Windows 10’s Hardware and Devices troubleshooter helps fix severe mouse-related issues. You can access it using Windows PowerShell.
Start by pressing Windows + X. Then, select Windows PowerShell, and follow that by copying and pasting the command below:
msdt.exe -id DeviceDiagnostic
Once the Hardware and Devices troubleshooter finishes loading, work your way through any onscreen instructions to resolve issues with your mouse.
11. Reinstall Device Drivers
You’ve gone through lots of quick fixes. If your mouse still keeps freezing, it’s now time to rule out corruption issues with any mouse drivers by reinstalling them.
To do that, open the Device Manager, expand Mice and other pointing devices, right-click HID-compliant mouse, and select Uninstall device. Then, repeat for all instances of HID-compliant mice.
Follow that by restarting your computer, and Windows should reinstall the mouse drivers automatically.
It’s also a good idea to follow up by installing any support software or dedicated drivers for your mouse from the manufacturer’s website.
12. Disable Enhance Pointer Precision
Windows 10 features a setting called Enhance Pointer Precision that acts as a form of mouse acceleration. But it can produce inconsistent behavior with specific mice types, so you should try disabling it.
To do that, press Windows + I to open the Settings app. Then, select Devices > Mouse > Additional mouse options. Under the Pointer Options tab, uncheck the box next to Enhance pointer precision and select Apply to save your changes.
13. Update Hardware Drivers
Obsolete or buggy display drivers can result in significant performance issues and cause the mouse to freeze. You try fixing that by obtaining the latest drivers from the device manufacturer’s website—NVIDIA, AMD, Intel, etc.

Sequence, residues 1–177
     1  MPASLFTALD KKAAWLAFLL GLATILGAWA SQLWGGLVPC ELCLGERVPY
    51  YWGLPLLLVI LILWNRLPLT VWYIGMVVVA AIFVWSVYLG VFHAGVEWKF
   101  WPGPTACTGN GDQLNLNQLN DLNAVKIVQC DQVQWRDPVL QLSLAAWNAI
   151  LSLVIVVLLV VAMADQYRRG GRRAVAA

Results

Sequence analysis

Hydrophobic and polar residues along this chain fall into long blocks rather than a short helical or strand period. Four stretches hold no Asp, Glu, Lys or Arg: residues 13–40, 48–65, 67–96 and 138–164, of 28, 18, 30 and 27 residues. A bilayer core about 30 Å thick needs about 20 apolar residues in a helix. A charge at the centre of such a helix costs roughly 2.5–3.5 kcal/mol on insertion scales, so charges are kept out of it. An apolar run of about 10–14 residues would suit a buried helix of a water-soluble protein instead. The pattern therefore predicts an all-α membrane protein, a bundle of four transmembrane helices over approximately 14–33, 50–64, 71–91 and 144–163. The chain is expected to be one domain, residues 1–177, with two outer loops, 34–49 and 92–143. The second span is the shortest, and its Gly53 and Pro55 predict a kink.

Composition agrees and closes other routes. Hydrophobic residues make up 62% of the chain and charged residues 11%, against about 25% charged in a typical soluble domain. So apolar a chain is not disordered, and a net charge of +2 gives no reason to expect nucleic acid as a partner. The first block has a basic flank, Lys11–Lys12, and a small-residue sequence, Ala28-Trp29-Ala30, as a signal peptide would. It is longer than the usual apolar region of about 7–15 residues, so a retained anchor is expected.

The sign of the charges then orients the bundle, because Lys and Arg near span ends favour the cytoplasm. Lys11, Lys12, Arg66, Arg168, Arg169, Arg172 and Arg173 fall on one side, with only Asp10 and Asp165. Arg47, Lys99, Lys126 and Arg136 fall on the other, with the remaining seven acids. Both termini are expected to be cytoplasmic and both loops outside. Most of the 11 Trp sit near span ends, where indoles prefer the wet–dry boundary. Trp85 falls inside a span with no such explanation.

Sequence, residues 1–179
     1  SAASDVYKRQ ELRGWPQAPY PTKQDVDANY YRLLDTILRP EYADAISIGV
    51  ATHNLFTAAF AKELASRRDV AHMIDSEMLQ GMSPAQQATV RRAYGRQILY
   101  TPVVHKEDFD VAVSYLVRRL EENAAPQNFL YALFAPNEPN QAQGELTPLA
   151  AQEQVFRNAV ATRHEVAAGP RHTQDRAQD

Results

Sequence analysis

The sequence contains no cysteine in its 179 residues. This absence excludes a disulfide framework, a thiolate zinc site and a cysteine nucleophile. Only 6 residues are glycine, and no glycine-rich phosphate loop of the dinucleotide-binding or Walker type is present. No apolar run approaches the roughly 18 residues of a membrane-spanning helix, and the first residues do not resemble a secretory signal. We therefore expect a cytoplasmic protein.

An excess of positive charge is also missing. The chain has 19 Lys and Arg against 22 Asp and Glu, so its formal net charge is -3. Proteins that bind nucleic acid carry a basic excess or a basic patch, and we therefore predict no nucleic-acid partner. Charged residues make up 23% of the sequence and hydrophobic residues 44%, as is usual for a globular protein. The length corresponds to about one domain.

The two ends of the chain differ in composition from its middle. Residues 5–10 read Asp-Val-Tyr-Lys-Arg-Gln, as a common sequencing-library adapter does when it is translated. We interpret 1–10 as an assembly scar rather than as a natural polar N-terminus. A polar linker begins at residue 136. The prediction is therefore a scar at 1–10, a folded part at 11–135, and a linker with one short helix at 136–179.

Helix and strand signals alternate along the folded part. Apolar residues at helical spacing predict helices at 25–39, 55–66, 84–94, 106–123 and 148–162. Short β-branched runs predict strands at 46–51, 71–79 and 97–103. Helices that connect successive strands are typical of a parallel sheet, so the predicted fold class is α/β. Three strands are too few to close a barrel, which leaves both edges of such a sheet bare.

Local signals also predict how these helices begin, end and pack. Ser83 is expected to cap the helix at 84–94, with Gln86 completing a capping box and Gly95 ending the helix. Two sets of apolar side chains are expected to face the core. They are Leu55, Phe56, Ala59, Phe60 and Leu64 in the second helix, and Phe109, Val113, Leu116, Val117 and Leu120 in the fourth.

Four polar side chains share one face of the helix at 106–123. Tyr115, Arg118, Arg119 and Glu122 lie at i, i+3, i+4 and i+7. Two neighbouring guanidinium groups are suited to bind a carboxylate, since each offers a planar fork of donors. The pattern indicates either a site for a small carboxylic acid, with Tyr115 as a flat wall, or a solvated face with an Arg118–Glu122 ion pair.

Additionally, you must apply any other hardware-related driver updates to resolve conflicts between the various devices on your PC. The fastest way to do that is by using a driver updater tool.
14. Update Windows 10
Updating Windows 10 can resolve known bugs and driver incompatibilities preventing your mouse from working correctly.
So if you haven’t updated the operating system in a while, open the Settings app and go to Update & Security > Windows Update. Then, select Check for Updates and follow that by selecting Download and install.
15. Scan for Malware
Computer viruses and malicious software usually result in severe performance issues and erratic cursor behavior. You can use Windows 10’s built-in Windows Security applet to perform a scan of your computer for trojans, worms, keyloggers, etc.
16. Disable Fast Startup
Windows 10 uses a feature called Fast Startup to improve boot times by saving the system state whenever you perform a shutdown. However, that can also result in weird glitches and anomalies on different PC builds. So try disabling it.
To do that, press Windows + X and select Power Options > Additional power settings > Choose what the power button does. Follow that by unchecking the box next to Turn on fast startup (recommended).
17. Run SFC Scan
Running the System File Checker helps fix severe stability issues in Windows 10. If your mouse freezes completely, you should try running it.
To do that, press Windows + X, select Windows PowerShell (Admin) and run the command below.
Note: If you have trouble interacting with the operating system, try running an SFC scan after booting Windows 10 in Safe Mode.
18. Run DISM Scan
It’s generally best practice to follow an SFC scan by running the Deployment Image Servicing and Management Tool (DISM). That should help fix additional stability issues in Windows 10. Run three commands below in an elevated Windows PowerShell console:
DISM /Online /Cleanup-Image /CheckHealth
DISM /Online /Cleanup-Image /ScanHealth
DISM /Online /Cleanup-Image /RestoreHealth
No More Weird Pauses and Freezes
The pointers above should’ve helped you fix issues with your mouse freezing in Windows 10. But if none of them helped, you must check if the same thing occurs after connecting it to another PC.
If it does, it’s safe to assume that you’re dealing with a defective mouse. So send it back for a replacement or treat yourself to a new mouse.